By Joe Henricksen
Ho-hum, just another night in the Chicago Public League.
All eyes will be on the Whitney Young-Simeon showdown Saturday night, featuring the No. 1 and No. 2 ranked teams in the most recent issue of the City/Suburban Hoops Report. But more than Saturday's showdown is the fact these two programs have set the bar for prep basketball in the city and state. They should be easy to recognize. These are the two programs who offer it all in terms of success, tradition, current talent, big-named players of the past, high-profile coaches, expectations every season and style.
History and tradition
This is where it starts. We're not talking a couple of up-and-coming, hot new programs. While Simeon's history and tradition is greater and longer, Whitney Young became a basketball giant under George Stanton in the 1990s. Stanton's teams went 60-3 in back-to-back seasons in the late 1990s, including a state championship team in 1998 that is considered one of the better teams of all-time.
But there really is no argument that Simeon has stood the test of time more than any other basketball program in Illinois. There are dips and valleys in every program when you're talking three decades. Not at Simeon. The legendary and late Bob Hambric took over the program in 1980, went 27-2 in his first season and never looked back. Want some ridiculous numbers? How about this: Since 1980 Simeon has never won fewer than 17 games in a season and has won 20 or more games in 24 of the last 29 years.
Whitney Young is the defending Class 4A state champs and, under coach Tyrone Slaughter, the Dolphins are on pace for a fifth-straight 20-plus win season and ranked No. 1 in the state. Simeon has made three trips to Peoria in the last five years, including back-to-back state titles in 2006 and 2007. All Smith did in his first five years was go 142-24. Simeon has been a nationally-recognized high school program for decades. Now Whitney Young is as well.
Again, Simeon's stable is deeper, with the legend of the great Ben Wilson, current NBA star and hometown hero Derrick Rose and the likes of Nick Anderson, Deon Thomas, Mario Bailey, Bryant Notree, Bobby Simmons and countless others in between. Since the great 1998 Whitney Young team, which included current NBA player Quentin Richardson, Dennis Gates and Cordell Henry, the Dolphins have produced a number of Division I players. And, they did have a kid named Jordan lead them to a state title last year.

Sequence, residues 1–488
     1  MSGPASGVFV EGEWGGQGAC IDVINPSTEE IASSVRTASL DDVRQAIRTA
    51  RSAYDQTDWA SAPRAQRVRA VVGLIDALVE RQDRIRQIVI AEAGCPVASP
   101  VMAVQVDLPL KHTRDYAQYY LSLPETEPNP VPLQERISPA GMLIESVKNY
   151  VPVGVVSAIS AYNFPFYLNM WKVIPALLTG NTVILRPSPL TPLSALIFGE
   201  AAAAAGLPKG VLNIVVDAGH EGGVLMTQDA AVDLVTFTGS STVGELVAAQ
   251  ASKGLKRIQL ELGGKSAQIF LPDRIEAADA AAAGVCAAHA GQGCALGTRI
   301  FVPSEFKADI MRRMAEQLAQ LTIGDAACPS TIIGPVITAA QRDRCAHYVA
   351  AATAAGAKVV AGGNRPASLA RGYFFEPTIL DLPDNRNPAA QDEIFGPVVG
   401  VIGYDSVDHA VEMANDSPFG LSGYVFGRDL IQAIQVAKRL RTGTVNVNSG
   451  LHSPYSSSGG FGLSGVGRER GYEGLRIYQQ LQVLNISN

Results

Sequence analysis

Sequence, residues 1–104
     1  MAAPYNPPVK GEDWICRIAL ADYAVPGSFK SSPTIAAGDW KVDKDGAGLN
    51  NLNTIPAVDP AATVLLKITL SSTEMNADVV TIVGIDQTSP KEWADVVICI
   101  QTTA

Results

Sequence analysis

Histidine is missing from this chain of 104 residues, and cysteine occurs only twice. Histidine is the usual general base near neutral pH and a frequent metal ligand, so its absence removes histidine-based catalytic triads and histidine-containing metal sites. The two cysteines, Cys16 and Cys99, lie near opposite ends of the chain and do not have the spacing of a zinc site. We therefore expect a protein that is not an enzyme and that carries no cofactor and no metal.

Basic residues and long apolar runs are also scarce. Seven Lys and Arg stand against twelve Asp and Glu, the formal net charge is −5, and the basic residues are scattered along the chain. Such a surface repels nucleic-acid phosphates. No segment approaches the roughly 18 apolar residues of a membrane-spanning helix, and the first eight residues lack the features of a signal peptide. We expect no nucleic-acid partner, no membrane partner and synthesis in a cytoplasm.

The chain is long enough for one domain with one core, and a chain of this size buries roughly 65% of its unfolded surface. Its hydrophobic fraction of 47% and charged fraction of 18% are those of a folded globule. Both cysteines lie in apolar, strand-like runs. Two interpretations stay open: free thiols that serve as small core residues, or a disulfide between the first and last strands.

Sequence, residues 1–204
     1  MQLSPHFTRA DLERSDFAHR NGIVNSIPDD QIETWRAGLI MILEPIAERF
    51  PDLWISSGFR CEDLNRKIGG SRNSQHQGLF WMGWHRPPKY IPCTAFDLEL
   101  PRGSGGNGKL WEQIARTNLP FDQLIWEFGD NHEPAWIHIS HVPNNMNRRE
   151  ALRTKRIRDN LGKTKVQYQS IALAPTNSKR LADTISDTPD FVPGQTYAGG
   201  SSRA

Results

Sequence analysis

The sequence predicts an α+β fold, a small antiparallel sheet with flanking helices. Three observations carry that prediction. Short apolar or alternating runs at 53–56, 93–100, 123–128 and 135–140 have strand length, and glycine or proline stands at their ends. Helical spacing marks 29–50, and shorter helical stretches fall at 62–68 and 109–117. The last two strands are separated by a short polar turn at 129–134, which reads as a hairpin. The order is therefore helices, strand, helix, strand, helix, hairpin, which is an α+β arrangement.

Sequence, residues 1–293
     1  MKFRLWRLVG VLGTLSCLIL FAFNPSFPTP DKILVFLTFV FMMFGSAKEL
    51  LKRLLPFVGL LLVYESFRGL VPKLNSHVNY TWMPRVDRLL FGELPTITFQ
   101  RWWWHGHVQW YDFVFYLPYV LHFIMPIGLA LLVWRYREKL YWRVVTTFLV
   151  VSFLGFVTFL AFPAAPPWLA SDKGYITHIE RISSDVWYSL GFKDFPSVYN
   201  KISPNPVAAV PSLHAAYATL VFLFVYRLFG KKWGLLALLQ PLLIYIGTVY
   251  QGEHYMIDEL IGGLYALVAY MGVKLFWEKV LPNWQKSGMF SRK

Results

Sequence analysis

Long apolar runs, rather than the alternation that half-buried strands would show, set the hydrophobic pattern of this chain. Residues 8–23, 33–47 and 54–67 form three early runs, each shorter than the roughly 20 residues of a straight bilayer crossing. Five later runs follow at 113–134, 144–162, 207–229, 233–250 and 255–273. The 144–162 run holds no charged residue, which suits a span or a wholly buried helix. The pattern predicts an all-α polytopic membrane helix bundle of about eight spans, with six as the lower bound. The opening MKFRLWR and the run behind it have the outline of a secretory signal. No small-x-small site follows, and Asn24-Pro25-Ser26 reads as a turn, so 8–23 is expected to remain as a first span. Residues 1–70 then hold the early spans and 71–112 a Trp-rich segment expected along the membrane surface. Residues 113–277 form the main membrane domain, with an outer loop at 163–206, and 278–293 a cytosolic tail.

Maybe it comes with the territory, but Simeon coach Robert Smith and Whitney Young coach Tyrone Slaughter are probably the two highest-profile coaches in Illinois right now. Smith always puts the program above himself, understanding and recognizing what Hambric did before him and appreciating the Simeon way. He has pride in Simeon. The sharp and articulate Slaughter recognized the opportunity at Whitney Young, where he could take a program to another level and that would coincide with the academic prowess the school is noted for.
Depending on your projections as an evaluator, the varsity rosters of these two teams include as many as 14 or 15 Division I prospects. Whitney Young's senior trio of Anthony Johnson (Purdue), Ahmad Starks (Oregon State) and J.R. Reynolds (Rice) are already signed, as well as Simeon's Brandon Spearman (Dayton). But it's the young talent in the ... well, that's next ...
Regardless of the talent you see on the floor Saturday night, there is a lot more coming through the pipeline. The younger classes are absolutely loaded at both schools, which includes two of the most highly-regarded freshmen in the country--Simeon's Jabari Parker and Whitney Young's Tommy Hamilton. Both sport numerous high-major offers and are already key pieces for the top two teams in Illinois.
The all-important style points. The two programs are flat-out pretty cool, with sweet-looking, stylish uniforms and warm-ups, personality and fun and creative scheduling. Simeon going from playing in Madison Square Garden a few years ago to being a regular visitor at Pontiac over the holidays? Cool. Whitney Young's traveling roadshow last season, stretching across the country with a stop in Hawaii? Cool. The two teams getting together again this Saturday? Really cool. There is just a bit of an aura about these two programs when they are in the gym that others don't have.
So now, finally, these two programs hook up again after too long of a layoff. As the Hoops Report notes in the issue that went out to subscribers this week, this could be the first of three matchups between these two powerhouses this season: Round I Saturday night, followed by the Public League playoffs in February and a potential for-all-the-marbles battle in Peoria in March. Maybe, just maybe, Simeon-Young can evolve into a rivalry we haven't seen in the city since the great King-Simeon rivalry of the 1980s.
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